How does the quote "There's four kinds of folks in the world. The ordinary kind like us and the neighbors... the Cunningams... the Ewells... and the Negroes" use aesthetic features?
There are two significant aesthetic features in the given quotation, taken from chapter 23 of the novel. In the quotation, Jem is explaining to his sister, Scout, his new-found understanding of the social hierarchy in Maycomb County. For example, the repetition of the word "kind," used by Jem to refer to different types of people, is an aesthetic feature because it draws the reader's attention to the idea that the four "kinds" of people are considered to be so different as to be thought of as different "kinds." The implication is that Maycomb County is a place characterized by significant social differences and divisions.
In the full quotation, Jem says that "there's the kind like the Cunninghams out in the woods, the kind like the Ewells down at the dump, and the Negroes." One aesthetic feature here is the sequence of clauses. In each successive clause, the location associated with the different "kind" of people becomes less appealing, signifying the lower social position, or class, of those respective people. The "woods" connote a place outside of or on the fringes of civilization, and the "dump" connotes a place designated for trash. These locations accurately signify the social positions of the Cunninghams and the Ewells respectively.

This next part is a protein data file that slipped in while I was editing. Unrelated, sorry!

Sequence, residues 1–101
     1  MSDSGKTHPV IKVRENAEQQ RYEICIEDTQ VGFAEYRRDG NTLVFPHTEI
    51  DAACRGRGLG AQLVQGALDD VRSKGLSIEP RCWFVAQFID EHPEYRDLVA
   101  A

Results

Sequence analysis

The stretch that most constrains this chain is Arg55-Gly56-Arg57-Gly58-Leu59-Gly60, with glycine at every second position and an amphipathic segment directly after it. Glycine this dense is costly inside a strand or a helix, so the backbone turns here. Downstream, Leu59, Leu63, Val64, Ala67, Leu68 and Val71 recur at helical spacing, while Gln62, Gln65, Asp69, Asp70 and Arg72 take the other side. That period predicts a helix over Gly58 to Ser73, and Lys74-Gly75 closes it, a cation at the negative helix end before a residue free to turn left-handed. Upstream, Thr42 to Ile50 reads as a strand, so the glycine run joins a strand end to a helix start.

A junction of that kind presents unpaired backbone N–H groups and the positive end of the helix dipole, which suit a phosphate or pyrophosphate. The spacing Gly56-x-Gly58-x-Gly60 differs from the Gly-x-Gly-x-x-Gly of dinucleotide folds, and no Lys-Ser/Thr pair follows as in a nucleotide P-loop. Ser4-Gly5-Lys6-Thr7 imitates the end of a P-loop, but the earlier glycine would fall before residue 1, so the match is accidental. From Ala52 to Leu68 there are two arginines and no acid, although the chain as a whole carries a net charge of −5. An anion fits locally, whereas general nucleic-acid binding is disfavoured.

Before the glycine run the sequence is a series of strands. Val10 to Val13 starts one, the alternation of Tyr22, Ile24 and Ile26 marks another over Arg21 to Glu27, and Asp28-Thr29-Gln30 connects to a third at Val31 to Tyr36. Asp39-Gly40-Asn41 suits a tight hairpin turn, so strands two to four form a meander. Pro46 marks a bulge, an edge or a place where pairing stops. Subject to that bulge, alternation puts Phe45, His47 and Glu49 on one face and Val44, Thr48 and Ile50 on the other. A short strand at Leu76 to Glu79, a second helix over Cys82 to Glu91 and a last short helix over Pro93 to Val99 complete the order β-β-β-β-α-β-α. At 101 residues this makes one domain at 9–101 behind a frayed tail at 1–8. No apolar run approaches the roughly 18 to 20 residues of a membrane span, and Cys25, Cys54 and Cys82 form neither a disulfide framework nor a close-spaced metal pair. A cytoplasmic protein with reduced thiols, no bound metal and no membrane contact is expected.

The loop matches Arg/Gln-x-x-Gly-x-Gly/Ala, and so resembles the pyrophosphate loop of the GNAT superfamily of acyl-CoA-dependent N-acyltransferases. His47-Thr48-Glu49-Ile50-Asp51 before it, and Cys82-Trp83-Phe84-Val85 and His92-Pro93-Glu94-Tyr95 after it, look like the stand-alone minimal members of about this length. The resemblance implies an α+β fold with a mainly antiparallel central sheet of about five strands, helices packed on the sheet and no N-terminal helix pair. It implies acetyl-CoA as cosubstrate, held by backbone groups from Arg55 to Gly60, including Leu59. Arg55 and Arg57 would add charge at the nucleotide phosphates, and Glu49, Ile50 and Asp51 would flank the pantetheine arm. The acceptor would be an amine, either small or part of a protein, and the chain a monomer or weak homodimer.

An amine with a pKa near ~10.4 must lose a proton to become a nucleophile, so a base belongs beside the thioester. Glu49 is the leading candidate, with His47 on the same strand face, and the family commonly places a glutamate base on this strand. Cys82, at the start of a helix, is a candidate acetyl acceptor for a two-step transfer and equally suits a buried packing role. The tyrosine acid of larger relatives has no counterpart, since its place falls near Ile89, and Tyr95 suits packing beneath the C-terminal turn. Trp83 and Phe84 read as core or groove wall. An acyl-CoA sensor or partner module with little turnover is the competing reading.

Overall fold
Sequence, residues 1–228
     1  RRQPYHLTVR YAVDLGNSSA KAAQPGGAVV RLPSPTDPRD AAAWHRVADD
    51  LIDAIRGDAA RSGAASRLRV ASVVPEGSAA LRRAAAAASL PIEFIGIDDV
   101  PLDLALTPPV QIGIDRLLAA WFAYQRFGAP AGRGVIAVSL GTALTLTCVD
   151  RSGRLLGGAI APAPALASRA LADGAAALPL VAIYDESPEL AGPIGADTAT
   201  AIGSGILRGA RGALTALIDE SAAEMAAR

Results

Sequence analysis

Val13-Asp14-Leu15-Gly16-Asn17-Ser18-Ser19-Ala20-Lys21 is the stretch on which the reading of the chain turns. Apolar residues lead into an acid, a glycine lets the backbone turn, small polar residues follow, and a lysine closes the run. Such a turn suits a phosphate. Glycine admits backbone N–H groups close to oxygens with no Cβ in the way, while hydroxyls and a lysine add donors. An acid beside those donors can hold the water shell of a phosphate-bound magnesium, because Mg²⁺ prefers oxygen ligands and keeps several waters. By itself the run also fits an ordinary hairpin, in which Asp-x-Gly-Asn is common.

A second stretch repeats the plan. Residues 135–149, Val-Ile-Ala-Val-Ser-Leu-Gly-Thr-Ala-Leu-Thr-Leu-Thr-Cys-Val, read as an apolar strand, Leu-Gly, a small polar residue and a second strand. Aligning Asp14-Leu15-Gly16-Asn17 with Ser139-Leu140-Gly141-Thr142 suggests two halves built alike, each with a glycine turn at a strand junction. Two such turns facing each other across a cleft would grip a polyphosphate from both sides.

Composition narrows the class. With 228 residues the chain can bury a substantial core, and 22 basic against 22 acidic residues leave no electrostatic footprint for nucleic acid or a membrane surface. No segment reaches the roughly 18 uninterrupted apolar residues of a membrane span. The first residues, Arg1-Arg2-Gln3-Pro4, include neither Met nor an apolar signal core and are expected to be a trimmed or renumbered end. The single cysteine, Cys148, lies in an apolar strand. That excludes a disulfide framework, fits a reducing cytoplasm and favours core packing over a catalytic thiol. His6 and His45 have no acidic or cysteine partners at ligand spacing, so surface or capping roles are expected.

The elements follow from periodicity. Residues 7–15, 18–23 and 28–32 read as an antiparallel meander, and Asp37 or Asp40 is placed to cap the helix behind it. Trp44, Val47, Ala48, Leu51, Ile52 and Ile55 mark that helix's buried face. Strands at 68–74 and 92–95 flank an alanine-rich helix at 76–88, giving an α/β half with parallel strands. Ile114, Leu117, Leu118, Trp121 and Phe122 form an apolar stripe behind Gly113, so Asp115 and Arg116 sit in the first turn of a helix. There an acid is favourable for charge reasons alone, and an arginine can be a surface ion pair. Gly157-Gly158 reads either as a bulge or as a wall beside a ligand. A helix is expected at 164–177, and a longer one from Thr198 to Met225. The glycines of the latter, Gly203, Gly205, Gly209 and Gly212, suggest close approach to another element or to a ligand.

It is significant that "the Negroes," mentioned in the third clause, are not designated a location at all. The implication is that they occupy a place in Maycomb County even less appealing than the "dump" in the preceding clause. Another implication is that there is no place at all in Maycomb County for "the Negroes" to make their home.
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